It is unbelievable to know that a relative measure of those pushing for IFRS are only doing this since it will direct it easier for them to make their numbers and will not be second-ventured by auditors, capitalist, or the Circular function. This is not the technique that financial reporting in the U. S. needs to follow and enforce IFRS in the near trade valid in the U. S. will only make to undesirable outcomes. GAAP is the best plan of action for the U. S. IFRS is not compatible with the U. S. neither is it in the U. S. political cost to authorize the new business enterprise reference.

    Revision of Unit 5 Letter to Editor To whom this may concern: The United States is currently going through a big decision. The Securities and Exchange Commission is still debating whether to withdraw U. S. GAAP in use of IFRS. They are also reevaluating if businesses such as private and non-profit organizations that make less than $55 million will have to comply with IFRS. If the U. S. has practiced GAAP for over 6 decades switching to IFRS becomes questionable. IFRS is not substantial so it will be unwise to overthrow GAAP. It takes knowing the rules in order to refrain from being misled.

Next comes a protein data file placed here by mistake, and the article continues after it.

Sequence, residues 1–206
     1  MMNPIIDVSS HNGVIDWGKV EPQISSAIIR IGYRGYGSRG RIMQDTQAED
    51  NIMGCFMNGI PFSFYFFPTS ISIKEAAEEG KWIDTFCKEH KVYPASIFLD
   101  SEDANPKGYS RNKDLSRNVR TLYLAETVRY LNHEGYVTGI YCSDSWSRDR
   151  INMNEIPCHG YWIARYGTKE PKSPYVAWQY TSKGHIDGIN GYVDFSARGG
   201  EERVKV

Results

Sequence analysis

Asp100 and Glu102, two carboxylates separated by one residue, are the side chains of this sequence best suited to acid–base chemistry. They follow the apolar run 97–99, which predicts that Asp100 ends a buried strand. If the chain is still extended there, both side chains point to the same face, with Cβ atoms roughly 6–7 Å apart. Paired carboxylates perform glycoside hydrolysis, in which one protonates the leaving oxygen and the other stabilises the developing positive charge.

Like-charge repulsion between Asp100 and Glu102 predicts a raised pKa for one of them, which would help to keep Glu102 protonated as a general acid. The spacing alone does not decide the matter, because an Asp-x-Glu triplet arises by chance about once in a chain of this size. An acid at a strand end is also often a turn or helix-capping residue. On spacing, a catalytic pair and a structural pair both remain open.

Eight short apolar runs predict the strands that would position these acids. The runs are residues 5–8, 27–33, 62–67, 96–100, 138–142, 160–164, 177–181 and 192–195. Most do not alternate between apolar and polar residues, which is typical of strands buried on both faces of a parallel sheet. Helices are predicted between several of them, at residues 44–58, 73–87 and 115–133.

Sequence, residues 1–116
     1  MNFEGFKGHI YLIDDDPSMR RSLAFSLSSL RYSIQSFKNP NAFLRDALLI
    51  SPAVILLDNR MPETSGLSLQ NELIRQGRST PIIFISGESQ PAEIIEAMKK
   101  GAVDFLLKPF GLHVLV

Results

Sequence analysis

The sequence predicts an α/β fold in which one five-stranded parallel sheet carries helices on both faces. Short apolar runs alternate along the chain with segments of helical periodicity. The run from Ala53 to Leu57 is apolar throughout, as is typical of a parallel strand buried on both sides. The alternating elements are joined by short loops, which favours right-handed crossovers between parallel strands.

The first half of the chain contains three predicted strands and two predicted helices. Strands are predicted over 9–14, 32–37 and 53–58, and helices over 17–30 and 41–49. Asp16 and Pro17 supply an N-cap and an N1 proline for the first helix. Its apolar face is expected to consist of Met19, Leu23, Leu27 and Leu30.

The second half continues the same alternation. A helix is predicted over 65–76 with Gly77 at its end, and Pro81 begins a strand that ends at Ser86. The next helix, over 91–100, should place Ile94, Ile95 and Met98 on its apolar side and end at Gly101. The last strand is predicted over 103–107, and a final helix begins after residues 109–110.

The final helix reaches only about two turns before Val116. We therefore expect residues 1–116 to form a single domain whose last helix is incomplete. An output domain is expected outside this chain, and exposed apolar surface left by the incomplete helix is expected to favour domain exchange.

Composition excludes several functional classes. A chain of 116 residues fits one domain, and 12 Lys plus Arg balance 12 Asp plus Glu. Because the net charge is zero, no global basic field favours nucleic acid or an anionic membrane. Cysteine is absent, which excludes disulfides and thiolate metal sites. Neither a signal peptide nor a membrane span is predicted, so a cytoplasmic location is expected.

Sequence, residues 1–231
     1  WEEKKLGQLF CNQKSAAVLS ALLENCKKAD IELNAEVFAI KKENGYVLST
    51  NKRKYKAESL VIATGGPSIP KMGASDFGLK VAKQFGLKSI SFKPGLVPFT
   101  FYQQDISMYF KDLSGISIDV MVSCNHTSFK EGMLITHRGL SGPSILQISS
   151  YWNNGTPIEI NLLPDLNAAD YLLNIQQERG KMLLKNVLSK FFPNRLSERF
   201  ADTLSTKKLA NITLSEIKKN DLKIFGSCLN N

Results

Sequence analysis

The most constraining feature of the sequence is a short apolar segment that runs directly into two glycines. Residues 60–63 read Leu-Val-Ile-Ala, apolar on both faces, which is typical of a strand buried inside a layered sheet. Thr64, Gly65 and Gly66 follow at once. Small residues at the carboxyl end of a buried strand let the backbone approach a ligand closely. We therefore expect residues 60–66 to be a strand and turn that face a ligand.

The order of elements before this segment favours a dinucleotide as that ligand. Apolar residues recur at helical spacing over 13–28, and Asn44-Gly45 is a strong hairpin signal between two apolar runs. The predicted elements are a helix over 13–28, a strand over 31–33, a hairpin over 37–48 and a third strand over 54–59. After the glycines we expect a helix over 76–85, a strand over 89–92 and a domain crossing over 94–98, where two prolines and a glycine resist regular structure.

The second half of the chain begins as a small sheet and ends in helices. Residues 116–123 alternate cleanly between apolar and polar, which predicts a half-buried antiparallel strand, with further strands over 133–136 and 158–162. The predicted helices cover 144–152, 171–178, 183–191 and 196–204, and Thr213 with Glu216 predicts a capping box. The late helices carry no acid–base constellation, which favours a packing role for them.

Since IFRS does not really have rules, managers can mislead their staff and patrons. It is advisable for companies to ensure that they can have certainty. Having integrity is key however, having independent judgment on how to run the book numbers should not compromise ethics with self-interest. Learning about the incident with WorldCom scandal has definitely made aware. WorldCom CEO Bernard Ebbers, was tried and convicted of overseeing in $11 billion fraud. The incident consisted of a continuous pattern of accumulating expenses as long-term capital expenditures known as assets.

    Part of this ordeal lead to WorldCom going bankrupt in which the company was already losing money due to Mr. Ebbers frequent embezzlement but the staff pardoned into falsely reporting the numbers. It is the duty of the staff to provide and report helpful information as well as making ethical decisions to be trustworthy and useful for the corporation. I am majoring into Accounting, I have to be on my Ps and Qs of professionalism/good ethics. It is prevalent for companies to report the numbers by choice to their financial reports and use that to their advantage to boost net income and sales figures.

    Improper management leads to fraud like false information, misusing funds, overstating/understating revenues, and underreporting the existence of liabilities. Regardless of the company gaining or losing income on an annual basis, everyone should make rational, financial decisions for the company’s sake. Many Accountants believe in doing things by the book since whatever the intention may be in spite of making the company look if it goes against the code of ethics it should not be executed. Doing business the honest way can result in a company being debt-free allowing it to expand.